Gas pressure may be used also as a spray medium and heated steam may be used as a heating means and liquidifying or softening means for the binder as well as to assist in the atomization of the binder. Attenuated filaments of the binder may be produced by these spray devices or a fog may be produced of very fine particles of the binder under hydraulic pressure and heat. In other words, the form in which the binder is sprayed can be regulated so that it is necessary to use only a minimum of binder material to produce a strong and stretchy fibrous layer suitable for use in making a hollow acoustic diaphragm. The spray device used to apply the fibrous material may be so situated and directed that the fibrous layer applied by one device will have its fibers crossed at an angle by the fibrous layer deposited by another device so that a certain amount of cross-lapping and interlacing of the fibers is affected. Lamination is also possible. The binding material may be applied in such a way that only a very few of the fibers deposited come in contact therewith or it may be applied in such a way and in such proportions that all or nearly all the dry fibers come in contact therewith and are bound thereby. Immediately after completion of the deposition of the layers wanted on a base or form, the material so deposited may be removed and subjected to heat and pressure as for instance to make an acoustic diaphragm. The material so produced can be varied extensively so that it has considerable stretch and flow and can be molded to make the shapedesired and of the thicknesses desired. Water resistance can be also developed to the degree desired. Porosity can also be regulated to the degree desired. Due to the amount of stretch in the blanks made according to my process seamless hollow acoustic diaphragms can bemolded from flat material in certain cases and from blanks which only roughly approximate the finished article in other cases. When the blank is initially deposited it can be handled immediately thereafter and subjected to heat and pressure as in a mold. The fibrous material may consist of wood, cotton, rayon, wool or synthetic fibers or a mixture of paper or textile fibers. Binders, preferably thermoplastic, may consist of lacquers or resins, natural or synthetic, various plastic materials or rubber-like materials. A number of binders as well as a number of fibers each having different characteristics may be used to make the same blank or hollow articles such as an acoustic diaphragm. Different materials or combination of materials may be used for different areas of the same integral article to produce desired characteristics. Thus the hollow body portion of an acoustic diaphragm may be madeof a mixture of cellulose acetate binder and cotton fibers, the cellulose acetate being partially applied as a liquid and partially appied in small particles or filaments. Thermoplastic materials such as cellulose acetate may be applied or intermingled with the fibers having a certain content of a gas-producing agent such as ammonium carbonate mixed therewith so that when subsequently subjected to heat, the ammonium carbonate will produce a cellular structure due to the evolution of gas and its retention by the thermoplastic walls within a mold. Thus a very lightbodied structure can be effected possessing relative rigidity, which is very desirable in certain sections of an acoustic diaphragm. In any case after the mixtures of fibers and binders has been deposited the material so deposited may be further pressed and molded under heat and greatly distorted.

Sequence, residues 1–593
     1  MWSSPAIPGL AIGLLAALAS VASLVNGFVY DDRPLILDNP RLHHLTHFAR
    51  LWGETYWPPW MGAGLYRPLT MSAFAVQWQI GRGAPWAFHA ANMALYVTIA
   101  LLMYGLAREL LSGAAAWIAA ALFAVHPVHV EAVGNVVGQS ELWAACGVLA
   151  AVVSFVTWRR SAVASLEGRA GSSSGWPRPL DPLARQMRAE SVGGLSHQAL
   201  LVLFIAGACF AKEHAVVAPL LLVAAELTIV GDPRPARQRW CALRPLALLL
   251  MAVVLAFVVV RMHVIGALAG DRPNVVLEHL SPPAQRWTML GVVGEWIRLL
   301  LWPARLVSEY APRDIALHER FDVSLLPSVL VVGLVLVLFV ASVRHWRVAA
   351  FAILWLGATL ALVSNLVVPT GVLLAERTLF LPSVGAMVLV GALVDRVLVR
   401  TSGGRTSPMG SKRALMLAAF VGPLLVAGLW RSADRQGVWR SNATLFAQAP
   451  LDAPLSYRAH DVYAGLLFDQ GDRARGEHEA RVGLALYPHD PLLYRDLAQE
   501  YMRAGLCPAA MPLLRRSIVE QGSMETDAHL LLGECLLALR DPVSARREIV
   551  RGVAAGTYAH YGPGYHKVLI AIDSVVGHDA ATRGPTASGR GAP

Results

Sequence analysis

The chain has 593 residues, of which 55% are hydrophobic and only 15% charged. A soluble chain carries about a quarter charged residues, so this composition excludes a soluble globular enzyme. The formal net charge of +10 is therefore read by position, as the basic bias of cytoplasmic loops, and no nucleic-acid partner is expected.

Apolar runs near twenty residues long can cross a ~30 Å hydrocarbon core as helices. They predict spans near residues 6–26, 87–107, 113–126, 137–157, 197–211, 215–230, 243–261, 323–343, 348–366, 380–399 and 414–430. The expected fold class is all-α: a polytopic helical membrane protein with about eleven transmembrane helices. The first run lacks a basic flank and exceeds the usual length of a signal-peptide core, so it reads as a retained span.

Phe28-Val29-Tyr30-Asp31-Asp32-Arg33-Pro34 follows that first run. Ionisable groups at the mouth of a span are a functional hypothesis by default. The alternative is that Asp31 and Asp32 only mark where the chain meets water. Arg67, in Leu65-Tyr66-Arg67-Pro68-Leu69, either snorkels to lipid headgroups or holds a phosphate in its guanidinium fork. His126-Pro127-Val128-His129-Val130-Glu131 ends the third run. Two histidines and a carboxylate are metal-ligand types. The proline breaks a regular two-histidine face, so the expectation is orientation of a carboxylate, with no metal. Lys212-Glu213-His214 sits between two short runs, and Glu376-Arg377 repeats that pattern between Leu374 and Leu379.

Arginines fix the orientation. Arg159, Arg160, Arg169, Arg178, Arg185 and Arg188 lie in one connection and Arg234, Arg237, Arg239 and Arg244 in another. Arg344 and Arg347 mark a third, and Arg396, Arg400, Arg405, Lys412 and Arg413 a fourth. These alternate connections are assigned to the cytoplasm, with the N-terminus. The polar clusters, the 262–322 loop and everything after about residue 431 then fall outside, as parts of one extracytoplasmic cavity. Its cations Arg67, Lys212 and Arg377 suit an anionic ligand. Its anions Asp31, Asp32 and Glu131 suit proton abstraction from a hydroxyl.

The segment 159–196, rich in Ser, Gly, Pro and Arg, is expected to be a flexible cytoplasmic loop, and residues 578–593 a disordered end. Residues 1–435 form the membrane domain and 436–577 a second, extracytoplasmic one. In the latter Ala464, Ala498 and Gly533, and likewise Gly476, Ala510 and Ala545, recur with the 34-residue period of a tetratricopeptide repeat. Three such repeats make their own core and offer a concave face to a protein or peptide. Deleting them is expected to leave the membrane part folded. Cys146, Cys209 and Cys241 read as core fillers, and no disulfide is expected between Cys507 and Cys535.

A conical diaphragm made according to my invention may be tapered in thickness radially in its conical body section so that it is thicker near the apex and thinner near the base of the conical section. The deposition of the fibrous materials and binders may be carried out on either male or female forms. These forms may be perforate or porous or solid and suction may be applied to these forms during the deposition of these ma terials and the forms may be moved to facilitate the deposition and distribution of these materials. The connection between the voice coil support and conical section of an acoustic diaphragm may be reinforced at will and the length of the voice coil support and shape thereof can be regulated at will according to my invention. Diaphragms made according to my invention can be molded to finished shape without trimming which is at present resorted to as being necessary in the manuiacture of integral acoustic diaphragms. They can be cured and finished on the form on which the original deposition is made in for example less than 5 seconds. A voice coil such as is used in connection with acoustic diaphragms can be incorporated in its proper location in a tubular neckpiece at the apex of the conical portion of the diaphragm at the time of deposition of the fibrous material and binder or an annular recess may be incorporated in the diaphragm at the time of deposition of the fibrous material and binder and the voice coil may be wound in this annular recess subsequently. The terminals of the voice coil may also be imbedded in the fibrous and thermoplastic layer of the conical body portion at the time of deposition of the fibers and thermostatic materials. The corrugations which are usually placed in the edge of hollow acoustic diaphragms can be molded as deep as desired due to the fact that the material deposited has at least 20 to 30% stretch when heated. The mold used in final shaping of acoustic diaphragms may be heated with steam or electrically or otherwise. In general, I have found that diaphragms made according to my process comprise by weight about to fibrous materials and 5% .to 10% binder material. However, in certain areas and for certain applications these amounts maybe varied widelydepending on the use intended. According to present practice a great deal of vacuum is required in making acoustic diaphragms by accreting fibers or pulp on a foraminous base. Whereas with my method vacuum can be dispensed with entirely although a little may be helpful; and no water is necessary, whereas great quantities are necessary in making either blanks or acoustic diaphragms according to present practice. Coaxial flanges at the periphery of the diaphragm can be readily and easily produced integrally with the rest of the acoustic diaphragm by my method. This can be accomplished only with great difiiculty by present methods.